While we go around the Sun once a year, until now, we’ve only been able to see one side of the Sun at any given time. That was before the STEREO probes were in place— one on one side of our star and one on the other, giving us stereoscopic vision of our Sun. Being able to see both sides at once gives us valuable insight on solar storms, flares and how has, heat and energy moves around.
Events that happen anywhere on the Sun can have a ripple effect everywhere else… literally. A solar flare is a vast explosion on the Sun’s surface, releasing as much energy in a few minutes as millions or even billions of nuclear bombs. This sends gigantic seismic waves, ripples, across the Sun’s surface, affecting other regions. Gigantic coronal mass ejections (CMEs) are like hurricanes over the Sun, and the region causing one can extend onto the far side of the Sun where we can’t see it. Solar prominences and other features can be huge, stretching across the face of the Sun, again hiding part from view.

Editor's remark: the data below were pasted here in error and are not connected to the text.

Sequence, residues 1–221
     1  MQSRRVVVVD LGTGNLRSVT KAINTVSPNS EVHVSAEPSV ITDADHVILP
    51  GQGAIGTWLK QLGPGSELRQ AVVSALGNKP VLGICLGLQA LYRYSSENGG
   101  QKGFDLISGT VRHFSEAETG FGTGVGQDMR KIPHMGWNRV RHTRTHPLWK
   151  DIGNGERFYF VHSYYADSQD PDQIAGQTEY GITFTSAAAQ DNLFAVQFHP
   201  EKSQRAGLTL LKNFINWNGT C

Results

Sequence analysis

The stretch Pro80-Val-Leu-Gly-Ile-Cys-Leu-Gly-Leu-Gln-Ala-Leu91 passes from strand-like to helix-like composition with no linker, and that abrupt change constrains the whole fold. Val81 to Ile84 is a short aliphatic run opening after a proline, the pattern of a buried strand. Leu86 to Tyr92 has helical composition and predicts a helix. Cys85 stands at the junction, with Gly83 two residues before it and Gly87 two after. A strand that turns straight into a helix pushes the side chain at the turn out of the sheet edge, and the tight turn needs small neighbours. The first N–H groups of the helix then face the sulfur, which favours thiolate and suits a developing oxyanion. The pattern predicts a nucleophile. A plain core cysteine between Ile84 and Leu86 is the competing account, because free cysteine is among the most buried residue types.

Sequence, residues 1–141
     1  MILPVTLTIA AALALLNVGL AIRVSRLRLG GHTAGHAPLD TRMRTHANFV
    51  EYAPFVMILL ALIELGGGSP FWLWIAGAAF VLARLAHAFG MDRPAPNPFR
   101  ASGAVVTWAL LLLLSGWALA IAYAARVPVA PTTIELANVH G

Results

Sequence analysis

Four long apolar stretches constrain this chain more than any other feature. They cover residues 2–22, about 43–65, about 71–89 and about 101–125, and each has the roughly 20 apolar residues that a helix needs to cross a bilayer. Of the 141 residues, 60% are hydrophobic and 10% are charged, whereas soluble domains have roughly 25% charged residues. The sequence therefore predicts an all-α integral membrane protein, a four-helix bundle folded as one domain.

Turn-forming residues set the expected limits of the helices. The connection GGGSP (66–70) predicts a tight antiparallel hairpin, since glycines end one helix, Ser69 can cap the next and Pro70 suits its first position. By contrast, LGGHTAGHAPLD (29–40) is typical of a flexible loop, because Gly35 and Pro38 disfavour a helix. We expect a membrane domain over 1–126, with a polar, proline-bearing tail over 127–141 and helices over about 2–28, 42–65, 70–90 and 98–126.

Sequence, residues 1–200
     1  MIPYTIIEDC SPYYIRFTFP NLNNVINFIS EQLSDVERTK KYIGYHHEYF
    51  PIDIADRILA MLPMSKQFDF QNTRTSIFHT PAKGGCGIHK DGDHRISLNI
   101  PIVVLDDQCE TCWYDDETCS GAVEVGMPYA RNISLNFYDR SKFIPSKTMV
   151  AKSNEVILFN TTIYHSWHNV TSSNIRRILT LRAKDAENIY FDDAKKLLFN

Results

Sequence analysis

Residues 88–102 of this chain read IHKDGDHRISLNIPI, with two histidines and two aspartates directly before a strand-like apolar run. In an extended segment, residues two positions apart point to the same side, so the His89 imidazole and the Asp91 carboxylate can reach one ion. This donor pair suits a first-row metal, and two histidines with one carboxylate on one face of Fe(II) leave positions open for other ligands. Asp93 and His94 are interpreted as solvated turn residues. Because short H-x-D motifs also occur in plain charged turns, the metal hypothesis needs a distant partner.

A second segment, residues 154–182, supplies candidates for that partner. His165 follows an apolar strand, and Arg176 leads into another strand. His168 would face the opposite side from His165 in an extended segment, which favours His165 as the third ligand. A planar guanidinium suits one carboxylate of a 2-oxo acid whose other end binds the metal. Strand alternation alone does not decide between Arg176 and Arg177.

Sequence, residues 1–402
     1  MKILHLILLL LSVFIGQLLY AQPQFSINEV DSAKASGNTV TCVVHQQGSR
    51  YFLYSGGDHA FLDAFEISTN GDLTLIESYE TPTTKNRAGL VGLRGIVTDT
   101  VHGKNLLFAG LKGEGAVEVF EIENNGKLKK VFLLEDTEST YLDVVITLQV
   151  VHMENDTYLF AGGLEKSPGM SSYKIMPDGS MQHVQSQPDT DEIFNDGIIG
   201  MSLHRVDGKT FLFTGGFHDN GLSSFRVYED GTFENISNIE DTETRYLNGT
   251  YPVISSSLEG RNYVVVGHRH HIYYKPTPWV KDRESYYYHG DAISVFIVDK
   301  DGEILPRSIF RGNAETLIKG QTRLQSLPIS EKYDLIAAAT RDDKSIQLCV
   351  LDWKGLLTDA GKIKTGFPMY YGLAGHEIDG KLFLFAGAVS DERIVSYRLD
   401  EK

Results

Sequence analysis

And, of course, in astronomy more is better. Having a better view, a better vantage point, just plain ol’ more data, is a big help.